A century ago, prevailing microeconomic theories defined economies as a continuous flow of spot transactions between individual buyers and sellers.

But Nobel laureate economist Ronald H. Coase observed in the 1930s that, in practice, market economies are organized into firms, which consist of individuals coming together to conduct economic activities according to plans and priorities set by management. The reason, he concluded, is that market transactions are not without costs and firms are better equipped than individuals to minimize those costs.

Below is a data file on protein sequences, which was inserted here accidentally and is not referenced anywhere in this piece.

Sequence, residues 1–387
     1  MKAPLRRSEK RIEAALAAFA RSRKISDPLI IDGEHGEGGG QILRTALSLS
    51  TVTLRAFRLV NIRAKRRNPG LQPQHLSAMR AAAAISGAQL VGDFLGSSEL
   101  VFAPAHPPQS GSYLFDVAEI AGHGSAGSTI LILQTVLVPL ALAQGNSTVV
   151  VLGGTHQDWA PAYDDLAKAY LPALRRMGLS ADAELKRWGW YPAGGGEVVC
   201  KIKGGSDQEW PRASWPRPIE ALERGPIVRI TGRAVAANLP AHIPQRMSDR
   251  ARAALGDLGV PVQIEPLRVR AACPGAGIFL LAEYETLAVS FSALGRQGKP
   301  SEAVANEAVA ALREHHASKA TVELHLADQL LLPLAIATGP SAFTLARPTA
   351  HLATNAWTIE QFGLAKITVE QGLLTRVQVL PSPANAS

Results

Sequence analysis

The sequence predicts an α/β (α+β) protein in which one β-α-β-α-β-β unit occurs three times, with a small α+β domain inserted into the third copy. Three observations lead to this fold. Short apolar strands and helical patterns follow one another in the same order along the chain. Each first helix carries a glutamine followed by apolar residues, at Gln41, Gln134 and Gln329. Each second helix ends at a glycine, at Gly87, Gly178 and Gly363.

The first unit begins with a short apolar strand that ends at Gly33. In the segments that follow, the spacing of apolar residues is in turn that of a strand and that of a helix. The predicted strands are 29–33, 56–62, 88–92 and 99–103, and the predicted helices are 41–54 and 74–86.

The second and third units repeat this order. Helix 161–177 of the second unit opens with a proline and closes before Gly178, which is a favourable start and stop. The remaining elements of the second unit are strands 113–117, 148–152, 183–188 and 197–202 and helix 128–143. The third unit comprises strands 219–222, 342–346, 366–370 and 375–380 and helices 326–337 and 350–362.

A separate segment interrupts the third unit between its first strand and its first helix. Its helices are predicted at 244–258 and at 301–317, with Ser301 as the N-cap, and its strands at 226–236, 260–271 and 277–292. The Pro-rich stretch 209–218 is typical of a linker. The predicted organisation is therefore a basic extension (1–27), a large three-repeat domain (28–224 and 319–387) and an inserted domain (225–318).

As any multinational well knows, the reduction of transaction costs not only leads to higher profits, it also facilitates greater investment back into the firm. Many companies — especially technology giants, such as Apple and Huawei — direct a significant share of such investments toward research and development in order to produce more profitable innovations.